Biography of Hayden Carruth
Grew up in Woodbury, Connecticut and was educated at the University of North Carolina at Chapel Hill and at the University of Chicago. He lived in Johnson, Vermont for many years. Carruth taught at Syracuse University, in the Graduate Creative Writing Program, where he taught and mentored many younger poets, including Brooks Haxton and Allen Hoey. He resided with his wife, poet Joe-Anne McLaughlin Carruth near the small central New York village of Munnsville. He wrote for over sixty years. Carruth died from complications following a series of strokes.
Hayden Carruth's Works:
Carruth authored more than 30 books of poetry, four books of literary criticism, essays, a novel and two poetry anthologies. He served as editor of Poetry magazine, as poetry editor of Harper's, and as advisory editor of The Hudson Review 20 years. He was awarded a Bollingen Prize and Guggenheim and the NEA fellowships.
In 1992 he was awarded the National Book Critics Circle Award for his Collected Shorter Poems and in 1997 the National Book Award in poetry for his 1996 book Scrambled Eggs and Whiskey. Shortly after the debut of Scrambled Eggs and Whiskey, he also won the $50,000 Lannan Literary Award. His later titles include the 2001 collection of poems Doctor Jazz and a 70-minute audio CD of him reading selections from Scrambled Eggs and Whiskey and Collected Shorter Poems. Other awards with which he was honored included the Carl Sandburg Award, the Lenore Marshall Poetry Prize, the Paterson Poetry Prize, the 1990 Ruth Lilly Poetry Prize, the Vermont Governor's Medal and the Whiting Award.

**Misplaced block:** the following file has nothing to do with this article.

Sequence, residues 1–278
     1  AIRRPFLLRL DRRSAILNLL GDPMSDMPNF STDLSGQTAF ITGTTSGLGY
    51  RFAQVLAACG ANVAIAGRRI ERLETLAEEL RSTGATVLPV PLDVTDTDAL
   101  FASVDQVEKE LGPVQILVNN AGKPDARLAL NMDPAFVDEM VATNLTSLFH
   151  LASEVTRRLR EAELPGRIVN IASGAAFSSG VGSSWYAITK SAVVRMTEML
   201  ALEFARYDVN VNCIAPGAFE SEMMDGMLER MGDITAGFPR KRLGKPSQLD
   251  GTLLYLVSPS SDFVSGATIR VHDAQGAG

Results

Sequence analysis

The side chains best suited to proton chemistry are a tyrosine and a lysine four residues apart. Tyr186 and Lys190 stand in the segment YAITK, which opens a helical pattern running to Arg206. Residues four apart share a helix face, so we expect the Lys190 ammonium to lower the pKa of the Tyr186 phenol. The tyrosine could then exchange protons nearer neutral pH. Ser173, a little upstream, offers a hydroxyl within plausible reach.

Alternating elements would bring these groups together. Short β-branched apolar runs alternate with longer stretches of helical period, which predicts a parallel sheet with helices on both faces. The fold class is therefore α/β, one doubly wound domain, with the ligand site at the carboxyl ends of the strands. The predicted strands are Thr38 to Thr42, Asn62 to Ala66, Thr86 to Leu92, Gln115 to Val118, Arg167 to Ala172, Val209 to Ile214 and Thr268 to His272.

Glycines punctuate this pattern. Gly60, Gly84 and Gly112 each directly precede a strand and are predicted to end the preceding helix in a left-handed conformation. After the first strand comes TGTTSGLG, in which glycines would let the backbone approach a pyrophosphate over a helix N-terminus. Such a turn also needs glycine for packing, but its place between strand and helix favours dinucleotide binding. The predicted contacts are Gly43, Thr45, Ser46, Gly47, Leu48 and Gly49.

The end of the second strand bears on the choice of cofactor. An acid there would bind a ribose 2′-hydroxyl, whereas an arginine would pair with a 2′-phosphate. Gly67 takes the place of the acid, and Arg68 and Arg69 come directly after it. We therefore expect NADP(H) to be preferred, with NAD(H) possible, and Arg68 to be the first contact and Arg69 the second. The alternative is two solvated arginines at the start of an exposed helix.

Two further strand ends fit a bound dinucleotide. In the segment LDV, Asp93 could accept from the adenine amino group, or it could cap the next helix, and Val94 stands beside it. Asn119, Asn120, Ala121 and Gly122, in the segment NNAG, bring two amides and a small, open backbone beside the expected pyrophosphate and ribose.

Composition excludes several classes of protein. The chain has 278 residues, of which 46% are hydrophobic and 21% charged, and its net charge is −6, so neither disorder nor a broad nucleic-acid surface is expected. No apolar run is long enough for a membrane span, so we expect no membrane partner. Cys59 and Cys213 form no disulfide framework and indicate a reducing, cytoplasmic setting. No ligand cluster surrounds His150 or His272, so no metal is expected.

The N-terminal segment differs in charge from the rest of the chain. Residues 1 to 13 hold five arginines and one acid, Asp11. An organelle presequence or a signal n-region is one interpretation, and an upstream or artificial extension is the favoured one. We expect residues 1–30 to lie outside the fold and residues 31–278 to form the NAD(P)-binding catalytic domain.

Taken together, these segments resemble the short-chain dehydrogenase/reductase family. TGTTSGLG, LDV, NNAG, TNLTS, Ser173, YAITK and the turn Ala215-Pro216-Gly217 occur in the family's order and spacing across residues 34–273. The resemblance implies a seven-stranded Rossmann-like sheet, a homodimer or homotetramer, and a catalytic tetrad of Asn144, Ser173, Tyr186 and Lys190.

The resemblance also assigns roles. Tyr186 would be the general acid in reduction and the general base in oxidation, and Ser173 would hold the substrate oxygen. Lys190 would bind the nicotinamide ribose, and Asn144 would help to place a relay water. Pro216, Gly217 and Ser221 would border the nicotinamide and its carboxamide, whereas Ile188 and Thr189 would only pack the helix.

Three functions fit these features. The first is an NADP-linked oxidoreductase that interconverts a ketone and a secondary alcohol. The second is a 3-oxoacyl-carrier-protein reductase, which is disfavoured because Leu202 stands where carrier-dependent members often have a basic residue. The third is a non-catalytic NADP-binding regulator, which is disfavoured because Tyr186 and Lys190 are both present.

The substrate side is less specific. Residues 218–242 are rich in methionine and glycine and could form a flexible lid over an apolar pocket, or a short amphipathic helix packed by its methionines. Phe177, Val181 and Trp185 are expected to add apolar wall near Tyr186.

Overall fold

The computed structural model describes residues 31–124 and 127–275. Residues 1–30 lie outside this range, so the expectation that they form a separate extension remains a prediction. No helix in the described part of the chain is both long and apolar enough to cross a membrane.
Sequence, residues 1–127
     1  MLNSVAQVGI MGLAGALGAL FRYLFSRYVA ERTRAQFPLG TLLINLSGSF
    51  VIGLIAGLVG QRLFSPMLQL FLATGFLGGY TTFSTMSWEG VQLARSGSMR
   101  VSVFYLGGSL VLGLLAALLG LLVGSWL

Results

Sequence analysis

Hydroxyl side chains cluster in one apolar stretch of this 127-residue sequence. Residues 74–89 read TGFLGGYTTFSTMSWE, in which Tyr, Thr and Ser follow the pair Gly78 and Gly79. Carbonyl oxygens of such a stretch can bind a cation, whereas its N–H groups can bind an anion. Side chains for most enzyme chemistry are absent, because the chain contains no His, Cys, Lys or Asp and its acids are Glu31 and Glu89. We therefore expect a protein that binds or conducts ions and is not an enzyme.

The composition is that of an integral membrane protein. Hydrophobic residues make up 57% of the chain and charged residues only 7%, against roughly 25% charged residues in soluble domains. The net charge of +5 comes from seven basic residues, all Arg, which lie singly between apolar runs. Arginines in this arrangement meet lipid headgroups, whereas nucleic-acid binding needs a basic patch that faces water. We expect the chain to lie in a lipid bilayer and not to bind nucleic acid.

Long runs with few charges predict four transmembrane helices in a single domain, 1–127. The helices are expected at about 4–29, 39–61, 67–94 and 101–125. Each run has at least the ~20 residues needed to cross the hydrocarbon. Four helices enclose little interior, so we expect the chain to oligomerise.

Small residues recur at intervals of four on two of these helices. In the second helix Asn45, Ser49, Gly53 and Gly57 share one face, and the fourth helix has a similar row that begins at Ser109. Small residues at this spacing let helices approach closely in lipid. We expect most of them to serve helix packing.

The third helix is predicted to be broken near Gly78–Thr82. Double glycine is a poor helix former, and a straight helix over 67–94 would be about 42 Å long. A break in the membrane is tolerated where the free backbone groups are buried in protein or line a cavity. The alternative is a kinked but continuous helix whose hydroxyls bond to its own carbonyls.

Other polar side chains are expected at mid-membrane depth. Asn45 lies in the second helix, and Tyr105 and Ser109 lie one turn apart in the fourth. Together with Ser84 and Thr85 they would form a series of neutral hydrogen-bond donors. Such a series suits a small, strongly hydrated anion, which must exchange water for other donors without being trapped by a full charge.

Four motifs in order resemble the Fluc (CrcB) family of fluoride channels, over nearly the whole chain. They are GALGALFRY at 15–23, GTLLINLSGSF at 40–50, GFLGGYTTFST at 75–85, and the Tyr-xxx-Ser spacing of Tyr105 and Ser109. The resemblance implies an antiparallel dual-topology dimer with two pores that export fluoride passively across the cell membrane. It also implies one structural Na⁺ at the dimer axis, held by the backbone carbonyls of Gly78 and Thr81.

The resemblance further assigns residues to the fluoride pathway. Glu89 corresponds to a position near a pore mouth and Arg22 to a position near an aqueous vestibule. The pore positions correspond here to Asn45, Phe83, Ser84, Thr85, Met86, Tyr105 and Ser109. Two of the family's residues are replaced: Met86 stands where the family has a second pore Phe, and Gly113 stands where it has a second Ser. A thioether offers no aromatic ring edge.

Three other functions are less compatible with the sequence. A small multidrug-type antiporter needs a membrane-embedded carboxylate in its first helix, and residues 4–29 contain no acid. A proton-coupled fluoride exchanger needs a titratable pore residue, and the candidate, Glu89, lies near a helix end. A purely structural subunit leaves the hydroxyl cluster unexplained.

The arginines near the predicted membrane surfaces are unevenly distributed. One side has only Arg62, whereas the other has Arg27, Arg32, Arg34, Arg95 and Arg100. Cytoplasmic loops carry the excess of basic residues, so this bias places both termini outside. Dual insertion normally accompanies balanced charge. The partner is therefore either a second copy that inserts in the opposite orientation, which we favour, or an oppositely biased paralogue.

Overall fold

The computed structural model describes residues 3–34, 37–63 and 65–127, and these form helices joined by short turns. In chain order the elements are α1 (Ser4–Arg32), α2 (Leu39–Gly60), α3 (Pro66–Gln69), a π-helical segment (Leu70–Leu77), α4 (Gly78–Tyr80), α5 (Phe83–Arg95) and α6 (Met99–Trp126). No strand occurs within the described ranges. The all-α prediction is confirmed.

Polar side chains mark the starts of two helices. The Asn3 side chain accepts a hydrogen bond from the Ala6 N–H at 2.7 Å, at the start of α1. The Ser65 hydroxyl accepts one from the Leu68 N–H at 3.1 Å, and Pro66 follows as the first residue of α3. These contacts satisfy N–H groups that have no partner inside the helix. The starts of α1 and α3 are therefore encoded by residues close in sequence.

Noted for the breadth of his linguistic and formal resources, influenced by jazz and the blues, Carruth's poems are informed by his political radicalism and sense of cultural responsibility.
Many of Carruth's best-known poems are about the people and places of northern Vermont, as well as rural poverty and hardship, addressing loneliness, insanity, and death. One of his most celebrated poems is "Emergency Haying".
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- I, I, I
- On Being Asked To Write A Poem Against T...
- Scrambled Eggs And Whiskey
- Saturday At The Border
- February Morning
- When I Wrote A Little
- Words In A Certain Appropriate Mode
- The Curtain
- Emergency Haying
- The Afterlife: Letter To Sam Hamill
- At Seventy-Five: Rereading An Old Book
- Something For The Trade
Coming home with the last load I ride standing
on the wagon tongue, behind the tractor
in hot exhaust, lank with sweat,
my arms strung
awkwardly along the hayrack, cruciform.
Almost 5OO bales we've put up